The Malta Independent 23 May 2019, Thursday

Malta’s all-but-forgotten role in the US rendition and torture programme

David Lindsay Thursday, 25 December 2014, 15:30 Last update: about 5 years ago

Malta's role in the Central Intelligence Agency's highly controversial practice of extraordinary rendition may not feature in the international press, heavily outweighed as it is by EU states and other countries that have hosted so-called black sites where rendition victims have been interrogated and tortured, but Malta was nevertheless complicit in the practice.

Investigations carried out by The Malta Independent on Sunday between late 2005 and early 2006 had uncovered eight landings at Malta International Airport of seven private airplanes implicated in the highly controversial practice slammed by human rights groups and governments across the globe.

The term "extraordinary rendition" refers to the highly controversial US practice of kidnapping terrorism suspects and secretly transporting them on private aircraft, usually owned by CIA front companies, for transport to secret prisons in countries where torture was used as a routine interrogation technique.

The practice in European airspace and territory has been the subject of parallel probes by the European Parliament, the Council of Europe and a number of individual European countries, but not Malta.

The Maltese government, in fact, had never given a satisfactory answer to repeated allegations that Malta served as a staging post for such flights.

A report in 2007 by the European Parliament's 'Temporary Committee on the alleged use of European countries by the CIA for the transport and illegal detention of prisoners' found that Malta's airspace and soil had been used by Blackwater USA subsidiary company Blackwater Aviation for such purposes - allegations that Blackwater, in correspondence with this newspaper at the time, vehemently refuted.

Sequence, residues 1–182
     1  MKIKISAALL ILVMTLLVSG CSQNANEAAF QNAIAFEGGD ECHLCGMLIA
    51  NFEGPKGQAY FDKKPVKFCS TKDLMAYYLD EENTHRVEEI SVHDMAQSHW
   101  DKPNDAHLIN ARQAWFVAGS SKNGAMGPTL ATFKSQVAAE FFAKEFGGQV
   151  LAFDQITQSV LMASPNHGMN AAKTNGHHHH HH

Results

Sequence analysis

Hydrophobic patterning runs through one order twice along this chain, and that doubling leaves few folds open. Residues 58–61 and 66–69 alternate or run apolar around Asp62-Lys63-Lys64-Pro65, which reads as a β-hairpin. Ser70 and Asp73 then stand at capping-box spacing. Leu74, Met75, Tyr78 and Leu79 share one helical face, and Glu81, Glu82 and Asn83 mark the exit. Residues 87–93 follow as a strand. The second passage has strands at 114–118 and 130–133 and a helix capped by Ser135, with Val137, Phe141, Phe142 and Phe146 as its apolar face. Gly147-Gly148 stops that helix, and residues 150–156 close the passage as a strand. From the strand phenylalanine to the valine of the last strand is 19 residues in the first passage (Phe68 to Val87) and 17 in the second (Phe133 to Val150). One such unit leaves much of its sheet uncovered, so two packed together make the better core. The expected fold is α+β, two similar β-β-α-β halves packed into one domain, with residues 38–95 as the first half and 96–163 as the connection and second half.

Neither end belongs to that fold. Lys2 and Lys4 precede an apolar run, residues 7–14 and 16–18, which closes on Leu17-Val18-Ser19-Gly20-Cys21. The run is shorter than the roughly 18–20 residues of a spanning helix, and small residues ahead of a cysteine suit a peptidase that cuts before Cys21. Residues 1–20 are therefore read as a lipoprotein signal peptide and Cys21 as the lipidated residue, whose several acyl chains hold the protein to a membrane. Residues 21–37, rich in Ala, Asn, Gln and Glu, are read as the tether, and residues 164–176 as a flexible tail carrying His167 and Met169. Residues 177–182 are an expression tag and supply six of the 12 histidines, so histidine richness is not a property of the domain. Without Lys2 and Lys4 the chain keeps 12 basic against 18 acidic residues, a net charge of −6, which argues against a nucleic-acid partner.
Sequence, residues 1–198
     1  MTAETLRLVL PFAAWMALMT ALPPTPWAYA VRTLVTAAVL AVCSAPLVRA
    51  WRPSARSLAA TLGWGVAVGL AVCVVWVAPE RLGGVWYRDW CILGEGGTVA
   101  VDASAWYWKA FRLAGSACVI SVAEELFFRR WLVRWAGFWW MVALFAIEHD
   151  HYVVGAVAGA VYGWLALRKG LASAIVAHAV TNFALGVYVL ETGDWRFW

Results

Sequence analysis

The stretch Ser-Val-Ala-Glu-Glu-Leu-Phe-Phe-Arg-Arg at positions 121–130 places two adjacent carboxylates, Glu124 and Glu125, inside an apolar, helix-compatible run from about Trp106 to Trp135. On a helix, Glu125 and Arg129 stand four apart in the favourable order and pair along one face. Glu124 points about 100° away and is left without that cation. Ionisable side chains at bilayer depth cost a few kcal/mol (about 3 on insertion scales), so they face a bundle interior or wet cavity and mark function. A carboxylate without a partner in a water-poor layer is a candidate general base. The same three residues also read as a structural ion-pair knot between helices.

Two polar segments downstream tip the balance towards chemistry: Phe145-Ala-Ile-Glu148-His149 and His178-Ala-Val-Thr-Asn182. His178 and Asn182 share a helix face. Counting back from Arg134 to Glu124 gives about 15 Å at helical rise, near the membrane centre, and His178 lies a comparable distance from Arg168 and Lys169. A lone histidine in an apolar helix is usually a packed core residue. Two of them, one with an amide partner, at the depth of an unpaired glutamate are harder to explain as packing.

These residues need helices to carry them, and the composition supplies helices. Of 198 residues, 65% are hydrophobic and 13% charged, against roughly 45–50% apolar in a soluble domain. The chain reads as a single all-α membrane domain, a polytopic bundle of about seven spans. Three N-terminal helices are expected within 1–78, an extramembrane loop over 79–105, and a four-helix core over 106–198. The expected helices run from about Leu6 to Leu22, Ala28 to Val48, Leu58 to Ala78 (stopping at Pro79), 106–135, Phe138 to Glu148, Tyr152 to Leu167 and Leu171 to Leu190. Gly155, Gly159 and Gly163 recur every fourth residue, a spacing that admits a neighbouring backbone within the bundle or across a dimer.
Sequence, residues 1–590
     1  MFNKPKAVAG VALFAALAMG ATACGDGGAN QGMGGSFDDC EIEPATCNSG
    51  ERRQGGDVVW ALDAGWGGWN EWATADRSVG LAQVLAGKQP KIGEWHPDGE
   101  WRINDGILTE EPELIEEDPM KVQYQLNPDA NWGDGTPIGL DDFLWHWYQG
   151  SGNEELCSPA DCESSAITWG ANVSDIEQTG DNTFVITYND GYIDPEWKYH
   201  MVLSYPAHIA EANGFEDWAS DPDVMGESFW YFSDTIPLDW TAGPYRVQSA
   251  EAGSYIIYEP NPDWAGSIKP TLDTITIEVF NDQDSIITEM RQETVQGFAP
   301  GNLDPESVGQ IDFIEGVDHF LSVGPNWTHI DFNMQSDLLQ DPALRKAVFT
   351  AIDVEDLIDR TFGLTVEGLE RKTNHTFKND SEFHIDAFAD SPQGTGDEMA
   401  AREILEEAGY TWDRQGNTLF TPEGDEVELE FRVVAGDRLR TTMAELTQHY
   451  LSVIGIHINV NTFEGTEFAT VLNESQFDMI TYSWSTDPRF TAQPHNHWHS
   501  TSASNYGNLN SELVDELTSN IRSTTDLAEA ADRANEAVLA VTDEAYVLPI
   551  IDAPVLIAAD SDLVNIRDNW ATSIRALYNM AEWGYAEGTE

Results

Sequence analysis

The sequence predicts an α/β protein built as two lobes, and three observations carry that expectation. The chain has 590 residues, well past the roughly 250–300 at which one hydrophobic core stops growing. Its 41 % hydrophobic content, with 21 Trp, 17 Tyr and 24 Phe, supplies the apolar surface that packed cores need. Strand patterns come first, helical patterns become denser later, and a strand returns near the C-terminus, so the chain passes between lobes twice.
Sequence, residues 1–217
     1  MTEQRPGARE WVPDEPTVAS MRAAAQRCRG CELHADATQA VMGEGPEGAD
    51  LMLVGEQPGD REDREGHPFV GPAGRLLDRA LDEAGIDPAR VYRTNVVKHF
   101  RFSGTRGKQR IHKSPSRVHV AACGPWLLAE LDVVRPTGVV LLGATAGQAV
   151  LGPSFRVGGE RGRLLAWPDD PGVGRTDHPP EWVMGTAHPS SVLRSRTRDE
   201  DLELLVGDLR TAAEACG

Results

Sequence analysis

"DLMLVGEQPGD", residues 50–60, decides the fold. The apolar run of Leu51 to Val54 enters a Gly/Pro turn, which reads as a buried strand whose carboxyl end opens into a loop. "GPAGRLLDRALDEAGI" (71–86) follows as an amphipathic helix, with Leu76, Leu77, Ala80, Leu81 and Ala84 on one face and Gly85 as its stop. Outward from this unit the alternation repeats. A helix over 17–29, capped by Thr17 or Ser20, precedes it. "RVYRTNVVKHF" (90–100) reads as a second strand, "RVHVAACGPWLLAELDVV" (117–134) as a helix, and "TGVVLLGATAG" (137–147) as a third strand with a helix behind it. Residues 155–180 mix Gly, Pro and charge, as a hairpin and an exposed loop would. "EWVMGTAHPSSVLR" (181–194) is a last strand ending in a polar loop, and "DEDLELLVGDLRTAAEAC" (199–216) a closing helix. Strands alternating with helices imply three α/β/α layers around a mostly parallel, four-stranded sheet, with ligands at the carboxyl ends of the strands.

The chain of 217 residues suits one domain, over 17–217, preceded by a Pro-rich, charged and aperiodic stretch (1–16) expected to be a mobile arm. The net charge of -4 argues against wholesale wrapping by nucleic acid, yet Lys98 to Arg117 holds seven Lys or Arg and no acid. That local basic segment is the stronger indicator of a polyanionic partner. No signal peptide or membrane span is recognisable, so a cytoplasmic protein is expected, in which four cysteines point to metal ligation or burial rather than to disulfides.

Although it denied the accusations, the private security company acknowledged to this newspaper that it sometimes flew its security personnel through Malta, but denied any participation - through its landings in Malta or anywhere else in the world - in the extraordinary renditions of terrorism suspects as practiced by the American authorities.

But a subsequent report in the New York Times quoted former Blackwater employees confirmed that they had helped provide security on CIA flights transporting detainees after the 11 September 2001 terrorist attacks against the United States.

The EP committee report found that Malta's airspace and soil had been used by Blackwater USA subsidiary company Blackwater Aviation for extraordinary renditions and that Malta has served as a European base for Blackwater aircraft carrying out renditions.

The EP report underscored that, while Malta had been found to have been used on at least seven occasions by six different aircraft known to have carried out renditions, the Maltese dynamic in such operations was not extensively investigated due to a shortage of time and the sheer number of countries that had warranted investigation.

As such, the EP committee had only investigated higher profile cases in countries such as Italy, Germany and Poland and stressed its report was "therefore not exhaustive". 

It added, however, it was still concerned by stopovers in countries such as Malta.